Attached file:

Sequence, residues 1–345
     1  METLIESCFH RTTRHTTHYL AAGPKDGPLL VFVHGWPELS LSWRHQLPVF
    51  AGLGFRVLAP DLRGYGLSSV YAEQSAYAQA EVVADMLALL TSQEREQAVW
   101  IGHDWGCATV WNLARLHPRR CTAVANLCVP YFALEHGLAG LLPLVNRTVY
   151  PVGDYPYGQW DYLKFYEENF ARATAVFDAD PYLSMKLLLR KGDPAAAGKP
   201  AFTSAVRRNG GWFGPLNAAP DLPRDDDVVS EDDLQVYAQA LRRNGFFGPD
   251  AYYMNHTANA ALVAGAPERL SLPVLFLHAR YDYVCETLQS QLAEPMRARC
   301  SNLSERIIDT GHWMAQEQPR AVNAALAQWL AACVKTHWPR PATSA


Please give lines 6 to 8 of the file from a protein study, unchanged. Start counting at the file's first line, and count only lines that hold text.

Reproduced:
   201  AFTSAVRRNG GWFGPLNAAP DLPRDDDVVS EDDLQVYAQA LRRNGFFGPD
   251  AYYMNHTANA ALVAGAPERL SLPVLFLHAR YDYVCETLQS QLAEPMRARC
   301  SNLSERIIDT GHWMAQEQPR AVNAALAQWL AACVKTHWPR PATSA